I shared Elizabeth Gilbert’s TED Talk Your elusive creative genius in a previous post Whose idea is it anyway? over three years ago, but it is worth sharing again. With over 12 million views, I know I’m not the only one to find it worthy.

 

So, I’ve gone from audience to creativity. But what is creativity for, if not for audience? If your writing or artwork is not created to share with an audience; is the lack of an audience still uppermost in your mind as you create? Audience or no audience, self or other, how does it influence the process and product? Can you sing or dance without an audience, at least of self?

For my flash story, I’m going back to the carefree days of childhood when life was fun and there was not a care in the world, and you danced and sang, whether anyone was watching or not. Really?

The joy of childhood

The cool grass teased her toes and the breeze tugged at her skirt, begging her to dance. She flung wide her arms to embrace the world as she lifted her face to the skies.  They smiled approval and she began to sway. Her fingertips tingled with expectation as her gentle hum intensified, summoning the music of the spheres to play for her. And play they did. She twirled and swirled to their rhythm singing her own melody in perfect harmony. Suddenly she was done. She clapped her hands to silence the orchestra and went back to her sandpit friends.

Thank you for being my audience. I appreciate your feedback. Please share your thoughts.

Time for rhyme – Readilearn

Yesterday, 2 March was Dr Seuss’s birthday. How did you celebrate? Did you read a favourite Dr Seuss story – maybe even more than just one or two? Which is your favourite?

Children love the rhythmic, rhyming stories written by Theodor Seuss Geisel who was born in 1904. (A question for your children – how old would he be if he was still alive today?)

Having fun with rhyme is a great way for children to learn about the sounds of language.

In the beginning, the rhymes can be real or nonsense words, as are many employed by Dr Seuss, training the ear to hear. Children are delighted when they discover pairs of words that rhyme. It is great when parents and teachers share their excitement of discovery too.

Like those of Dr Seuss, many stories and poems for young children are written in rhyme. The rhyme is pleasant to the ear, and encourages children to join in with the reading or telling, using meaning and sound to predict the next rhyming word.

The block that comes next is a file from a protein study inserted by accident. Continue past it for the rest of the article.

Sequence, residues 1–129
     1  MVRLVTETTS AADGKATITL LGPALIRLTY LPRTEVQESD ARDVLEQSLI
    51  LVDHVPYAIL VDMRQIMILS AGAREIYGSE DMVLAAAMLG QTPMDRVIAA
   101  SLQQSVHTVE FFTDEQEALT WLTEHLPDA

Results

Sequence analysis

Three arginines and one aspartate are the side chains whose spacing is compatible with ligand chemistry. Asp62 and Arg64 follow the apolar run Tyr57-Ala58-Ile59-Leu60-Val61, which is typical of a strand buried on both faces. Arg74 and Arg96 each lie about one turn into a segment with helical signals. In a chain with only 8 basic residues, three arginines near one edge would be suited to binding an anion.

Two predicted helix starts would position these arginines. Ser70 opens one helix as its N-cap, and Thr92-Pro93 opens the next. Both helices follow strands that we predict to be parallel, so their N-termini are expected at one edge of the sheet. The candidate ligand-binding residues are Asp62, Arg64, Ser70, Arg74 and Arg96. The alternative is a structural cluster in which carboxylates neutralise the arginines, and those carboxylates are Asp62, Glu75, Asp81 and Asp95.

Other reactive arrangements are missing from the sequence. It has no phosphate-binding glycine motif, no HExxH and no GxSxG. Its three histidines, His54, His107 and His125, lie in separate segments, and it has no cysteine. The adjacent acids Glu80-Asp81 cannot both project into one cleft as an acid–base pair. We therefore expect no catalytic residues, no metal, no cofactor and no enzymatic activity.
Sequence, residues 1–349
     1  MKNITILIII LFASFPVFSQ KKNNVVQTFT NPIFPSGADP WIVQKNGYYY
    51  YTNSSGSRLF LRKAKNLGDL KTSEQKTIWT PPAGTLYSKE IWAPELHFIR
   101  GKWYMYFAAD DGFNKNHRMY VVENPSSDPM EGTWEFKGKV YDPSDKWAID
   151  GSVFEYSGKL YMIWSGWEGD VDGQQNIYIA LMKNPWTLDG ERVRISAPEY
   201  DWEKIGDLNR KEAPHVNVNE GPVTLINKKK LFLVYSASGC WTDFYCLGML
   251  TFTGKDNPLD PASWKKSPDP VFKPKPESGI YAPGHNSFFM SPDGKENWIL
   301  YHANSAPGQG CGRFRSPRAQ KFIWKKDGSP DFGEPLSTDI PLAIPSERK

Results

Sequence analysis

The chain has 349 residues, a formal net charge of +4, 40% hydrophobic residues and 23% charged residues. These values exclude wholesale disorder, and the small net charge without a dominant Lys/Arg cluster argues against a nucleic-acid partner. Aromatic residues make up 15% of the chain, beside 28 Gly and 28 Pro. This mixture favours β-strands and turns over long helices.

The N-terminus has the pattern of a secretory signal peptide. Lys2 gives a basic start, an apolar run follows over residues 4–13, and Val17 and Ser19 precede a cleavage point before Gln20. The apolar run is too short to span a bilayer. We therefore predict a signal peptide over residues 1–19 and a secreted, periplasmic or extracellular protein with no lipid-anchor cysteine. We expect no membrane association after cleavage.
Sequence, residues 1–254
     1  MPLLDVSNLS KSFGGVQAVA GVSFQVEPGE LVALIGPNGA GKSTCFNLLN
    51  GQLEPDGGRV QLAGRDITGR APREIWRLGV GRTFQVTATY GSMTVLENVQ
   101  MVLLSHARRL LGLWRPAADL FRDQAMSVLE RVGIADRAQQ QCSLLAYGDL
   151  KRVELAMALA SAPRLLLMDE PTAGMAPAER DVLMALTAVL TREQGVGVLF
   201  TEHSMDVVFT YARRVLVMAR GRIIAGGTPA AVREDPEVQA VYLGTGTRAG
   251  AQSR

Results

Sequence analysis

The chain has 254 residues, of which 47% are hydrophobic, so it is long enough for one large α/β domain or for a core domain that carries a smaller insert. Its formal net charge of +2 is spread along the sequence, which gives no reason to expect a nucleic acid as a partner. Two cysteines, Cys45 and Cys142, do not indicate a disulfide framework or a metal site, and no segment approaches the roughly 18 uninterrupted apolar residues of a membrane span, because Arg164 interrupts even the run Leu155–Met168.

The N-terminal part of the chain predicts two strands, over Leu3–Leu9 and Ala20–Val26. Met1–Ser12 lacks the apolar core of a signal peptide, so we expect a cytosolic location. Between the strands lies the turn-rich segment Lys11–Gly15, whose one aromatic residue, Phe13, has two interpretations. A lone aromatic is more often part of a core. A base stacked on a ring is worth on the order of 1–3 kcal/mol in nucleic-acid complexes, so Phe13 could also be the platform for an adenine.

When children are ready, familiar rhyming texts are often the first they read independently, using a combination of memory and print. How many children do you know who first started reading with a Dr Seuss book; such as The Cat in the Hat, Fox in Socks, One Fish Two Fish, Ten Apples Up On Top, or any other favourite.

For my part in the celebration, I joined in with a challenge extended by Vivian Kirkfield to write a story in 50 words. The reason behind the 50 word challenge is that, although the total word count of Green Eggs and Ham is over 700, only 50 unique words were used. (Some of your children may like to check if that is so. How could they do it?)

I decided to write a rhyming nonsense story in exactly 50 words (title not included). I hope you and your children enjoy it.

Lucky Duck

Duck.

Old Duck.

Couldn’t see –

Lost his glasses by the tree.

Continue reading at: Time for rhyme – Readilearn

Rocks in her head

charlis-challenge-february-2

This week at the Carrot Ranch Charli Mills is talking about rocks; rock formations in the landscape and rocks in the middle of the road, literally and figuratively.

She talks about the mesas in Zion National Park near to where she is living in Utah.

She describes it as 250 million years old with sandstone cliffs reaching ¾ mile, or 1207 m, high.

Uluru © Norah Colvin

Uluru © Norah Colvin

Of course, I can’t think of large sandstone rocks without thinking of Australia’s Uluru/Ayers Rock, the world’s largest sandstone inselberg or “island mountain”, which I was lucky enough to visit a couple of years ago.

We’re not going into competition here, but Uluru is estimated to be about 600 million years old. Reaching (only) 348 metres high, it is not as high as Zion’s cliffs.  However, it goes deeper under the ground than above.

While indigenous peoples of Australia have lived near Uluru for at least 10 000 years, it was only “discovered” by European explorers in the mid-nineteenth century. They named it Ayers Rock after the then Chief Secretary of South Australia Sir Henry Ayers. Since 1993 it has borne the dual name Uluru/Ayers Rock.